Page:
Take a walk down Valley Street, Allens Avenue or Charles Street in Providence and you might notice billboard space filled not with advertisements, but with professional works of art. The only thing they’re selling is conversation. Plus, it’s free.
Every 12 weeks, the work of a Rhode Island artist, including the director of the University of Rhode Island Main Gallery, will be featured on billboards in different locations throughout the cities of Providence and Central Falls. The project, called Artboards RI, is intended to engage schools and other community organizations within walking distance of the billboards in conversations about the art.
The creator of Artboards RI, Ruth Dealy, said she thought of the idea in 1974, to bring art to lower income areas in Providence, Central Falls and Woonsocket. The name of the project was then “Loft Horizons,” which was, Dealy said, a “terrible” name. The first project was fueled by the donation of a billboard space by the Radding Sign Company and a $500 grant from the Rhode Island State Council on the Arts, plus the willing artists who contributed work, including Dealy herself, and Bill Drew, who is currently on the faculty of Rhode Island School of Design.
Eventually, however, the project fell through when funding became scarce. Dealy said she had been trying since the ’70s to get it off the ground once again and only recently been able to receive help from Rhode Island School of Design, AS220, the city of Providence, Lamar Advertising and area businesses. The project resurrected last month with a new name and a new approach: to “enrich communities with art where they least expect it.”
“My goal is to bring art into neighborhoods that are profoundly neglected,” Dealy said, emphasizing that if people living in those areas want to contribute to the community, they could have a way to do so through art. “For a kid to be an artist and not just a ‘troubled kid,’ to have an identity choice like that, there’s a freedom to restart your life.”
“We always talk about art being an important [part of] Rhode Island, [but] art is segregated from the general community,” said Linda Newton, project coordinator. “I think it’s a great way for the community to talk about art.”
One of the participating artists, Bob Dilworth, director of URI Main Gallery and professor of art, said when Dealy first invited him to contribute a piece of work, he thought it was a great idea.
“One of our original ideas was to create a place in areas of the city where art can be talked about, where a dialogue could happen that wouldn’t normally take place,” he said. “It’s a whole new world that becomes accessible. Who knows who’s looking at this work? Who knows who will be impacted by it? Just [think] about the possibilities.”
Dilworth and Dealy attended RISD in the late ’60s. He said they have worked together many times over the years, usually with one suggesting an idea and the other happily complying. This project was no different.
Additional artists include Mark Freedman, Ida Schmulowitz, Angel Quinonez, Entang Wiharso, Ariel Brito, Wilson Aguilar, Justin Espinal and Kyle Collins. Central Falls installations will be created by student artists from RISD.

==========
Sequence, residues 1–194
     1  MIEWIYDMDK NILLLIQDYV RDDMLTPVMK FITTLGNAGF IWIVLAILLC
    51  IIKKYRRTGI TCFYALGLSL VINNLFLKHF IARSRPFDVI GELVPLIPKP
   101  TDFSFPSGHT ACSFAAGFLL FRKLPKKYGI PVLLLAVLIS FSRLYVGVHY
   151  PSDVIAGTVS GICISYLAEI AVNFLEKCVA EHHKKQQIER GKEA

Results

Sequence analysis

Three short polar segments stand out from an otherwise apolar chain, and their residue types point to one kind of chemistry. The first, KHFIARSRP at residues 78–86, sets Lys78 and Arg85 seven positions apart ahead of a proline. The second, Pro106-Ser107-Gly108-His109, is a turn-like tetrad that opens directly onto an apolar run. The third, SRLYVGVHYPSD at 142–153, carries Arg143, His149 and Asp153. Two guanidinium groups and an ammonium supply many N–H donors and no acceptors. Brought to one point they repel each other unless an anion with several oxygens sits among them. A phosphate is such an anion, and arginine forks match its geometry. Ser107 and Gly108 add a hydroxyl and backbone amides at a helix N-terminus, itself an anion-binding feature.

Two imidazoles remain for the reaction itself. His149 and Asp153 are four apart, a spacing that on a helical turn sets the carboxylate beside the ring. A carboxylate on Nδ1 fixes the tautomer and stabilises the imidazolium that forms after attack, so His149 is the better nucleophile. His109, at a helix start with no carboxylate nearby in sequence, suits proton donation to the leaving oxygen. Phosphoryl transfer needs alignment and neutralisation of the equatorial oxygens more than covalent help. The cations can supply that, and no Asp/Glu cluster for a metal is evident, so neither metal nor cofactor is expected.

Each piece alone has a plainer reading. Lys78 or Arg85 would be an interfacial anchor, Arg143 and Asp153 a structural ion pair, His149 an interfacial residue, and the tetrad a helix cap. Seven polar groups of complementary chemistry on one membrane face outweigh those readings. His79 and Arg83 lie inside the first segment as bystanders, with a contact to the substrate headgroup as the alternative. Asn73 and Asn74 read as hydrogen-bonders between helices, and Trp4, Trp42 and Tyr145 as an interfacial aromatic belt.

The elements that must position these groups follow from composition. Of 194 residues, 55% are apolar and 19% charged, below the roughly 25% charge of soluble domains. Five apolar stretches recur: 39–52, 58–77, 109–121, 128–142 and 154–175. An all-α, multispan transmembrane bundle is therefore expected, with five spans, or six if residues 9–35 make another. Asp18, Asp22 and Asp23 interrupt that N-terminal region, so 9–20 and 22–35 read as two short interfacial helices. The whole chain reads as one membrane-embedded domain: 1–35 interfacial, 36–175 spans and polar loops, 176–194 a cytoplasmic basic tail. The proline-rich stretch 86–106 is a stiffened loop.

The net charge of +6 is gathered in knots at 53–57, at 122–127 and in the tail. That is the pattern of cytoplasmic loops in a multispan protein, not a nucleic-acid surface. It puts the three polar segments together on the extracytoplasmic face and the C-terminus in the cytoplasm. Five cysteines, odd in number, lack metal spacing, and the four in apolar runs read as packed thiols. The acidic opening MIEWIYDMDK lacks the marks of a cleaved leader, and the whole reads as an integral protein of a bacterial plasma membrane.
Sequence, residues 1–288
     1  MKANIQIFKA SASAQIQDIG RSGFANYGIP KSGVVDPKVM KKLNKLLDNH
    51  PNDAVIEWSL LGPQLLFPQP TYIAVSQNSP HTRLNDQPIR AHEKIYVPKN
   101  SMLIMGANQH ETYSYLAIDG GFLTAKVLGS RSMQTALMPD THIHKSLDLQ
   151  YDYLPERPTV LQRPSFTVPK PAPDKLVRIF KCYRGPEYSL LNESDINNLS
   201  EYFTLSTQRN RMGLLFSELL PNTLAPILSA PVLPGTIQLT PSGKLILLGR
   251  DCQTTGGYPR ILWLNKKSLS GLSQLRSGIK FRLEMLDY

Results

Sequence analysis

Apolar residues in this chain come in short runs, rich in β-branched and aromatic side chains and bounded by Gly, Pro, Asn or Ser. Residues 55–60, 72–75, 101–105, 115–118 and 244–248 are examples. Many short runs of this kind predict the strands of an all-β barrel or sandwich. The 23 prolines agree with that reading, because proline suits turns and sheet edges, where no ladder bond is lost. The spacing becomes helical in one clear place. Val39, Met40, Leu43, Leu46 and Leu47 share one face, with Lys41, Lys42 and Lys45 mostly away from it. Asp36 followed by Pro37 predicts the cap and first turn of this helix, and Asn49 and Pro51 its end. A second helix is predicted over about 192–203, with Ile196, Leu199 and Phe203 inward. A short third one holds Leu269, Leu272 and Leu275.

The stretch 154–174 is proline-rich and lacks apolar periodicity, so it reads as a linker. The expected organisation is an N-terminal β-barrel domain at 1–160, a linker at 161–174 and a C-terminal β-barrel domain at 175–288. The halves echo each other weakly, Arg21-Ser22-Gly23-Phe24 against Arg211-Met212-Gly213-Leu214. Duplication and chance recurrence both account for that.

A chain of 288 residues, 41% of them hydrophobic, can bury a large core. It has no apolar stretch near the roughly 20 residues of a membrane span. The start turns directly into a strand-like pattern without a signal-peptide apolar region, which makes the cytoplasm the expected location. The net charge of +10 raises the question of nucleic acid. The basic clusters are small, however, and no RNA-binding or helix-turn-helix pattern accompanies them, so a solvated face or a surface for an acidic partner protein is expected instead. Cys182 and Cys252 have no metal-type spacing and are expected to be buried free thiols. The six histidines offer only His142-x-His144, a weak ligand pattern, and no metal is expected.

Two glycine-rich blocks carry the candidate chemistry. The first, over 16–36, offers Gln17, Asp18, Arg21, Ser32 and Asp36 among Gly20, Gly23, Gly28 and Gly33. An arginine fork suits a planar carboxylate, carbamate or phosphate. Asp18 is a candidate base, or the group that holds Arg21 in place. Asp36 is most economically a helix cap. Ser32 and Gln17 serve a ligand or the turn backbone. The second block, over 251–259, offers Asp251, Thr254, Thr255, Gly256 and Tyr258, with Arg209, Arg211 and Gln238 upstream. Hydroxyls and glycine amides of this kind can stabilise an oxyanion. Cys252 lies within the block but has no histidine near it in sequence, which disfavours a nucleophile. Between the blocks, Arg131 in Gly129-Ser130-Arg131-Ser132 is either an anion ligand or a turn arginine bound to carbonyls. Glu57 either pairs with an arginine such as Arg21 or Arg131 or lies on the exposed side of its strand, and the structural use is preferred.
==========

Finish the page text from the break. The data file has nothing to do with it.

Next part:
Dilworth’s work is entitled “Backyard,” and is part of a new series he has been working on for about four years. While his main medium is paint, he said his work has evolved and he used a lot of fabric and paper in the series. But the materials used in the piece will not be the primary discussion point, since all of the works shown on the billboards are high resolution images of the original works of art.
Dealy said displaying images of the art is a better approach than having to find – and pay – a crew to help with painting, installing and executing with safety precautions on the billboards. This way also makes it easier on the artists because it gives them some freedom to choose the works of art they wish to display.
“Backyard,” Dilworth said, is an “outdoor” piece because of what it depicts, but it was difficult to make the choice of what to submit because he could see a few of his other works doing well outdoors. When asked if the project could be categorized as street art, another outdoor art form with revived interest, he said that he sees this project as having both a different philosophy and execution.
“Street art is spontaneous – it’s made there on the spot. Usually, there’s not a lot of forethought and has more to do with this element of tagging, relying on just that energy of the moment,” he said. “Whereas what we’re doing is almost the opposite. These are studio pieces that are really much considered and created without the idea of ever being placed on a billboard or outside.”
Dealy said she sees the project as being very close to street art, and her initial spark of inspiration came from witnessing how much public art was part of daily life when she visited Denmark. Dealy also said once art crosses the threshold to be visible in a public space, it should sustain a dialogue and not just a monologue.
“I feel a huge urge to paint a blank wall and have my paintings outside,” she said, though she does not fulfill that urge when she sees a blank wall. “My paintings take at least three months. The desire is immediate and the execution is long. Painting is bigger than me and I really just have to deliver it.”
Dilworth said he has no hopes as far as what conversations will be had about his piece, but just that conversations will be had. Motivating viewers to want to see more of that kind of art is the challenge, he said.
“When you look up at it, it would be a very different piece than the kinds of things people see on a billboard. Maybe galleries in Providence, the RISD museum, the Newport Art Museum – those places will then start to surface as places where they can see more art like that.”